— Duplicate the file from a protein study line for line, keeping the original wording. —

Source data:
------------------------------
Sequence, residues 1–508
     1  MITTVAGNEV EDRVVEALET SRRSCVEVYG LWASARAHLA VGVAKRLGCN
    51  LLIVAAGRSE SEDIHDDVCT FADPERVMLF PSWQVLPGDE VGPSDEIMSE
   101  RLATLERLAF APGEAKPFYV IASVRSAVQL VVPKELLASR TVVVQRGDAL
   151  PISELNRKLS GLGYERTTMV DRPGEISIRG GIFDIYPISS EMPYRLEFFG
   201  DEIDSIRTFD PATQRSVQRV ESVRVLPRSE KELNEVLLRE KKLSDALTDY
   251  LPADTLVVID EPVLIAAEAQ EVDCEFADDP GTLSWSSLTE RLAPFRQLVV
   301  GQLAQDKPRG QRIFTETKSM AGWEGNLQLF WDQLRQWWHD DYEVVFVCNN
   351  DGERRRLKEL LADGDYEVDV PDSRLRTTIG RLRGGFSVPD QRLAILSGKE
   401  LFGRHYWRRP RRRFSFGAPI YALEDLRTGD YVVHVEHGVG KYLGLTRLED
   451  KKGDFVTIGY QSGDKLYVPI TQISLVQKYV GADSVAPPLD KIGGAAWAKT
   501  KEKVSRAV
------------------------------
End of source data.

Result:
Sequence, residues 1–508
     1  MITTVAGNEV EDRVVEALET SRRSCVEVYG LWASARAHLA VGVAKRLGCN
    51  LLIVAAGRSE SEDIHDDVCT FADPERVMLF PSWQVLPGDE VGPSDEIMSE
   101  RLATLERLAF APGEAKPFYV IASVRSAVQL VVPKELLASR TVVVQRGDAL
   151  PISELNRKLS GLGYERTTMV DRPGEISIRG GIFDIYPISS EMPYRLEFFG
   201  DEIDSIRTFD PATQRSVQRV ESVRVLPRSE KELNEVLLRE KKLSDALTDY
   251  LPADTLVVID EPVLIAAEAQ EVDCEFADDP GTLSWSSLTE RLAPFRQLVV
   301  GQLAQDKPRG QRIFTETKSM AGWEGNLQLF WDQLRQWWHD DYEVVFVCNN
   351  DGERRRLKEL LADGDYEVDV PDSRLRTTIG RLRGGFSVPD QRLAILSGKE
   401  LFGRHYWRRP RRRFSFGAPI YALEDLRTGD YVVHVEHGVG KYLGLTRLED
   451  KKGDFVTIGY QSGDKLYVPI TQISLVQKYV GADSVAPPLD KIGGAAWAKT
   501  KEKVSRAV